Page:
“You don’t even have to look at the animal’s teeth, which is good because skulls are often missing in fossil finds.” he explained. Instead, look at the width of the animal’s hip or the arch of its ribs and you can make a reasonable interpretation of its diet.”
In a similar manner, students can interpret an animal’s speed from the proportions of its limb bones or from measuring the tracks it left behind in soft sediment.
Making a lasting impact
Ultimately, Kirkby—who has been enamored with dinosaurs since receiving his first plastic set at the age of seven—hopes the new lab will leave students more curious.
“The Mesozoic Era [about 252 to 66 million years ago] is the time when much of our modern ecosystems came into being,” he said. “Dinosaurs included the world’s first high browsers and the first large animal herds capable of transforming terrestrial systems. Mesozoic-furred pterosaurs and feathered birds were the first animals capable of global migration and, hence, global dispersal of seeds and microbes.”
Moreover, he noted, the angiosperms that make up 90 percent of the plants we have now also arose during that era, and with flowering plants came social insects, and the list goes on.
By learning how these systems came together, students can better understand how those same systems can also come apart in response to human activities.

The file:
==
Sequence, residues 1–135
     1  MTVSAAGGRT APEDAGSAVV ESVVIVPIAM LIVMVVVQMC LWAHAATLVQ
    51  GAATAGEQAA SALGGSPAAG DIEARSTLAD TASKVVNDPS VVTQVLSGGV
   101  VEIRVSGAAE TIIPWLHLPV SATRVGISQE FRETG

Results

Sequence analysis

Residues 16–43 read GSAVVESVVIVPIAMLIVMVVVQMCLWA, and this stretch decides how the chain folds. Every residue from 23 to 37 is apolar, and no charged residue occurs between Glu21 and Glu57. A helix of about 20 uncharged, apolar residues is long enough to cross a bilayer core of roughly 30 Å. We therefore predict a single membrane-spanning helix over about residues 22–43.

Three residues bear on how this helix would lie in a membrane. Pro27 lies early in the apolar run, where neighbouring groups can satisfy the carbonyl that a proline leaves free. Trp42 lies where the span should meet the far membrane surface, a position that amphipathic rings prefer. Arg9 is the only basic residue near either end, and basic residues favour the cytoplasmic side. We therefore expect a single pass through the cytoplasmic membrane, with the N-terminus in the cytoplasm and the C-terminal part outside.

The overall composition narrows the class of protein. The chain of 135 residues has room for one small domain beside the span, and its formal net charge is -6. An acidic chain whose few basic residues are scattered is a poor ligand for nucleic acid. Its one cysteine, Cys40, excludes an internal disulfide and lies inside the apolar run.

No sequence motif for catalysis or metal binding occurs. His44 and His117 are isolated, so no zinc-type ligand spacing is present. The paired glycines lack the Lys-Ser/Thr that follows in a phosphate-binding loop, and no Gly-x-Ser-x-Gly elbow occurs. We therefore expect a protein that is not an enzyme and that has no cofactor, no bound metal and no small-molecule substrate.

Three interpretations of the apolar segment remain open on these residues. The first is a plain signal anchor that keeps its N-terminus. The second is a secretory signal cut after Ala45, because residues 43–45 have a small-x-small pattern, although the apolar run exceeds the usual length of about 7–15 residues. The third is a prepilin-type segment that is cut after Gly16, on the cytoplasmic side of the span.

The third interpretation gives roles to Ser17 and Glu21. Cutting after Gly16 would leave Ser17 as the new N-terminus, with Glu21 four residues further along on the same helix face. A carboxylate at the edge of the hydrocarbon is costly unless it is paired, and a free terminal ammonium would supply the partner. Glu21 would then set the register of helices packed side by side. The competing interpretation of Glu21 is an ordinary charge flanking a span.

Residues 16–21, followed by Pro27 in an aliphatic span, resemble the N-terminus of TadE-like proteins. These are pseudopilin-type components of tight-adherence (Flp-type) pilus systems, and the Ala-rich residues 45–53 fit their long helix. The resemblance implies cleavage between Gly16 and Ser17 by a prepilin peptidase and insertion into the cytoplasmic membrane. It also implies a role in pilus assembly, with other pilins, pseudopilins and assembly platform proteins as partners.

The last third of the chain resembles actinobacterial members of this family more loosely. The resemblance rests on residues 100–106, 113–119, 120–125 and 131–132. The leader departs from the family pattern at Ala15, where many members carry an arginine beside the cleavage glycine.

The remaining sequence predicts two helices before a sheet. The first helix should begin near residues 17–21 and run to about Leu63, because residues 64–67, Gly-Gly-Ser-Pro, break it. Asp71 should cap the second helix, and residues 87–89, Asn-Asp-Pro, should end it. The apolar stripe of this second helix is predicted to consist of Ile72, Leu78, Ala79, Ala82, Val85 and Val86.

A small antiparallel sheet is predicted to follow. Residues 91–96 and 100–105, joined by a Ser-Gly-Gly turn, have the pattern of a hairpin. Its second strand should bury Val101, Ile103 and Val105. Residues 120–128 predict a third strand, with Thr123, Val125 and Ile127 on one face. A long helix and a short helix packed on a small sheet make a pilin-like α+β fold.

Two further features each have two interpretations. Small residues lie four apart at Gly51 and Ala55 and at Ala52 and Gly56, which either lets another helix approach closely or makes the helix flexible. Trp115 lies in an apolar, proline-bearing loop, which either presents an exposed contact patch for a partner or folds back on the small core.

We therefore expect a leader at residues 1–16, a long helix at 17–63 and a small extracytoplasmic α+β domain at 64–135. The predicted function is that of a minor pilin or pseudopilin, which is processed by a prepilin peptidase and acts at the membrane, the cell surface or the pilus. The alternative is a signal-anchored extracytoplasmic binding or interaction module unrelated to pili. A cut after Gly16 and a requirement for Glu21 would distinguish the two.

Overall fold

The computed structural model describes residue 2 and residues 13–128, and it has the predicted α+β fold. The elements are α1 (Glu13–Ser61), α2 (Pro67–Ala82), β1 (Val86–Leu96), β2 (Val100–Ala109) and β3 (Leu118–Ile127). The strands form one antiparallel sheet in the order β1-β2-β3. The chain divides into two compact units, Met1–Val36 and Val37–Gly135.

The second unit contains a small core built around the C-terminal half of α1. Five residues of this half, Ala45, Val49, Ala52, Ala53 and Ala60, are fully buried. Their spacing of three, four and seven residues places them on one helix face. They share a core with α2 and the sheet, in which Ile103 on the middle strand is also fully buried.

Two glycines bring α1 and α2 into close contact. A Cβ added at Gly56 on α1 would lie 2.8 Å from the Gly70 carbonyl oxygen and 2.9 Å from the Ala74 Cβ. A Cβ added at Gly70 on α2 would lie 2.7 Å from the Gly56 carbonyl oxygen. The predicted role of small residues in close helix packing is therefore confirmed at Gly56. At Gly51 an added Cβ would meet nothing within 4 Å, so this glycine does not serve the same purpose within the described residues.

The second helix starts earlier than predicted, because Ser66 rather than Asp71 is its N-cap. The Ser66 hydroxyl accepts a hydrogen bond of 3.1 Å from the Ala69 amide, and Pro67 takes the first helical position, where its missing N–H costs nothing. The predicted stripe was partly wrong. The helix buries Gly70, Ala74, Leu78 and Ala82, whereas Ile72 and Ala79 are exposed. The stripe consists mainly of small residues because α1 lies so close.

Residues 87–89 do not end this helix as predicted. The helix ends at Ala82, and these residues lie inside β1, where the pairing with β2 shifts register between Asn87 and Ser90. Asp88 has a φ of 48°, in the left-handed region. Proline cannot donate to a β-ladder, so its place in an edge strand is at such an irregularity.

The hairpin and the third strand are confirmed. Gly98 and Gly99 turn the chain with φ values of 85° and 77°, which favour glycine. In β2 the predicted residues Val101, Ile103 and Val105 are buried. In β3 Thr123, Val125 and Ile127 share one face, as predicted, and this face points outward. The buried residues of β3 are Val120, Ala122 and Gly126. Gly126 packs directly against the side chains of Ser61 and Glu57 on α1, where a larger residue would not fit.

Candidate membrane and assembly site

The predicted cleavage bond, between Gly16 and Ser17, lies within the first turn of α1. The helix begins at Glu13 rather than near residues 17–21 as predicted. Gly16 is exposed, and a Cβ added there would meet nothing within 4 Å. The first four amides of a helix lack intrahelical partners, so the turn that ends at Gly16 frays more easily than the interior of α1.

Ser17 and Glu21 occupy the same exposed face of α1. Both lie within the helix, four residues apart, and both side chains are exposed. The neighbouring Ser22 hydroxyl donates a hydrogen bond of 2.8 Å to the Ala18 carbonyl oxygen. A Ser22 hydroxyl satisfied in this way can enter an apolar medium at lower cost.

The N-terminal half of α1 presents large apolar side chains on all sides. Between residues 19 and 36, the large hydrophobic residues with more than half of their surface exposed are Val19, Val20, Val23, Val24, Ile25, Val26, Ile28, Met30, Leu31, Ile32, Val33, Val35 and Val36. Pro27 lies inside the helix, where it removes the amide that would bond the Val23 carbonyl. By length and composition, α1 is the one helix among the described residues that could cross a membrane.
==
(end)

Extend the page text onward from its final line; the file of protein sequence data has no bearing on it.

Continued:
“I want students to come away with a better appreciation of how interconnected our world is—and how vulnerable it is to change,” Kirkby said.
“We need to take better care of our world because everything we do within it has a ripple effect. That’s the takeaway message.”
Fun Fact: Did you know?
The University of Minnesota’s resin cast of an allosaurus fragilis skull may look like a Tyrannosaurus rex skull, but it’s only distantly related to Sue, the famous T. rex in the Chicago Field Museum. Their relationship, said Kirkby, is “much more distant than chimps are to humans.”
“Although both were large theropod dinosaurs,” Kirkby explained, “Sue would completely dwarf our Allosaurus. I have a cast of a T. rex tooth that you can compare to our friend’s and the difference is amazing.”
So, this begs the question, does the University of Minnesota own other T-Rex remains besides the tooth?
The answer: Yes—casts of a partial jaw and claws.